• Advertising as an expense that increases the cost of products
  • Increased differentiation
  • Effects on Competition
  • Barriers to entry
  • Economies of scale


  • . Eacheconomic systemhas an interesting relationship with thesocial system (unequal distribution of wealth),political system (international politics-by influencing)and cultural value.(vice versa)


  • a) Economic Harms of Advertising
  • More often, though, advertising is used not simply to inform but to persuade and motivate to convince people to act in certain ways: buy certain products or services, patronize certain institutions. This is where particular abuse can occur.


  • "brand"-related advertising can raise serious problems.
  • advertising may attempt to move people to act on the basis of irrational motives ("brand loyalty," status, fashion, "sex appeal," etc.) instead of presenting differences in product quality and price as bases for rational choice.


  • It is true that a judicious use of advertising can stimulate developing countries to improve their standard of living.
  • serious harm can be done them if advertising and commercial pressure become so irresponsible
  • The result of this is that they waste their resources and neglect their real needs, and genuine development falls behind."16


  • Advertising also can be, and often is, a tool of the "phenomenon of consumerism," as Pope John Paul II delineate it when he said: "It is not wrong to want to live better; what is wrong is a style of life which is presumed to be better when it is directed toward ?having' rather than ?being', and which wants to have more, not in order to be more but in order to spend life in enjoyment as an end in itself."14

24. From an economic perspective, advertising might lower the cost of a product by:A)Creating barriers to entry for less efficient firmsB)Moving consumers to the consumer socialization stage of the buying processC)Making it possible for firms to realize economies of scale through expansionof sales volumeD)Allowing firms to advertise at high levels along with competitorsE)Doing none of the above 25. Change consumers tastes Reduces competition Lowers sensitivity to price Builds brand loyalty Advertising Equals Market Power Leads to higher prices Leads to fewer choices Results in higher profits 26. Provides useful information Pressure for lower prices Increases price sensitivity Increases competition Advertising Equals Information Forces inefficient firms out Pressure for high quality 27. It must be said that without advertising we would have a far different nation, and one that would be much the poorer-not merely in material commodities, but in the life of the spirit. Excerpters is from a speech given by Leo Burnett on the American Association or Advertising Agencies 50th anniversary, April 20,1967 28.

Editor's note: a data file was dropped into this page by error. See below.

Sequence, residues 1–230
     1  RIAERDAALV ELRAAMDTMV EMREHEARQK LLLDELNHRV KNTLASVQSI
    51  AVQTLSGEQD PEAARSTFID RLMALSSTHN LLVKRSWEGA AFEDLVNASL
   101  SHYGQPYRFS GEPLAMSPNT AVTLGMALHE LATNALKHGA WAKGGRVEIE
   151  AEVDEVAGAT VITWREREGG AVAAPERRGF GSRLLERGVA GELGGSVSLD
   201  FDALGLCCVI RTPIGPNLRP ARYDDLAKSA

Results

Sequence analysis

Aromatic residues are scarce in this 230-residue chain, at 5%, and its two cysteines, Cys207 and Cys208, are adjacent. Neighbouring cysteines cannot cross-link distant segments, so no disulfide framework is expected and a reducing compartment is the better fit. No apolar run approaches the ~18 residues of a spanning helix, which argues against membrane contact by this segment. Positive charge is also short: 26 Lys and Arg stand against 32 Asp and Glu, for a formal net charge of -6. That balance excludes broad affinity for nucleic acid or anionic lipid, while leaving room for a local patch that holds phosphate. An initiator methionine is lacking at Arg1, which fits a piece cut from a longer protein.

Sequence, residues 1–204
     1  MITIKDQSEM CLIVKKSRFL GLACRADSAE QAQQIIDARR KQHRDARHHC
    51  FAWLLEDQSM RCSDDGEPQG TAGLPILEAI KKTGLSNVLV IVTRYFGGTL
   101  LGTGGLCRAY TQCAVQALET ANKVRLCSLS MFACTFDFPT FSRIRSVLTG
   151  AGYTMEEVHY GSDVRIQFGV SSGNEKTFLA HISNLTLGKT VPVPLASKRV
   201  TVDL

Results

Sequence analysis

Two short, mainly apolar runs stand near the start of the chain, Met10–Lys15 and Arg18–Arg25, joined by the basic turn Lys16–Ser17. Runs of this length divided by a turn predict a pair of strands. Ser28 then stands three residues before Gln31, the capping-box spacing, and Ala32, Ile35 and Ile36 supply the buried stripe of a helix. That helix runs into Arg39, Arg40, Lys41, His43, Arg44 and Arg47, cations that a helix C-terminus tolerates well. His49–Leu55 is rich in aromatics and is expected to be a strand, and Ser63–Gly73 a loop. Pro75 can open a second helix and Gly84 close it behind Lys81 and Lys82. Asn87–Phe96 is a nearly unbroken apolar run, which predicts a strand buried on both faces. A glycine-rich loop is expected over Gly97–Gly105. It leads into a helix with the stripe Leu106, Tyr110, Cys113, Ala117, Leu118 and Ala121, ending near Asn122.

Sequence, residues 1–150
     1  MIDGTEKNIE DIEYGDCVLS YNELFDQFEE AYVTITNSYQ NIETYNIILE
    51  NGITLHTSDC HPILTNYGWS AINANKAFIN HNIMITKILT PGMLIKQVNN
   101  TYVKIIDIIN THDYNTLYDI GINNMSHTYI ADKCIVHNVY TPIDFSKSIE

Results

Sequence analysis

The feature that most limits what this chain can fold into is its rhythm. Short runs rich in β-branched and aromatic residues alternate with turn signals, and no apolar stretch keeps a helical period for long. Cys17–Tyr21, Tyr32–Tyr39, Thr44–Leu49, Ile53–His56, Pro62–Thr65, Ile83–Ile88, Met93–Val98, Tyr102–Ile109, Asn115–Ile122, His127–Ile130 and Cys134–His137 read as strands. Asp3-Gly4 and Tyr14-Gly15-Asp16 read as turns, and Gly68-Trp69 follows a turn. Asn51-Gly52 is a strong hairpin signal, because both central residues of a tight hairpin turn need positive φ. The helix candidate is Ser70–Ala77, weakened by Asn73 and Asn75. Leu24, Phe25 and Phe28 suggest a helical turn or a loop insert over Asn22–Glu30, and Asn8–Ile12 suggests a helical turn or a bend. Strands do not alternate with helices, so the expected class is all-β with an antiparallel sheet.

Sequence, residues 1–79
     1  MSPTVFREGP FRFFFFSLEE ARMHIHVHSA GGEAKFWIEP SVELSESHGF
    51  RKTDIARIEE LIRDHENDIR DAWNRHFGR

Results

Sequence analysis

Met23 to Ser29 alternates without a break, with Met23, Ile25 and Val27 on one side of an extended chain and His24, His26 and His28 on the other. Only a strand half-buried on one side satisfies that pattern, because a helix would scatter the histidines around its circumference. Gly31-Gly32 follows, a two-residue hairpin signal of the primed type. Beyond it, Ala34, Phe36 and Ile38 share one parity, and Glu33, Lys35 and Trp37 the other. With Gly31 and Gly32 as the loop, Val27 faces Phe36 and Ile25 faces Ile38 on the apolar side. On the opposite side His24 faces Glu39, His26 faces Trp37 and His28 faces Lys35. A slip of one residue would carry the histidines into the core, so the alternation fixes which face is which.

• Political advertising can support and assist the working of the democratic process, but it also can obstruct it. This happens when, for example, the costs of advertising limit political competition to wealthy candidates or groups, or require that office-seekers compromise their integrity and independence by over-dependence on special interests for funds.


  • Such obstruction of the democratic process also happens when, instead of being a vehicle for honest expositions of candidates' views and records, political advertising seeks to distort the views and records of opponents and unjustly attacks their reputations. It happens when advertising appeals more to people's emotions and base instincts to selfishness, bias and hostility toward others, to racial and ethnic prejudice and the like rather than to a reasoned sense of justice and the good of all.


  • Political advertising can make a contribution to democracy
  • so political advertising can make its contribution by informing people about the ideas and policy proposals of parties and candidates, including new candidates not previously known to the public


  • In the competition to attract ever larger audiences and deliver them to advertisers, communicators can find themselves tempted in fact pressured, subtly or not so subtly to set aside high artistic and moral standards and lapse into superficiality, tawdriness and moral squalor.


  • Some advertisements are instances of popular art, with a vivacity (liveliness) and lan (elegance) all the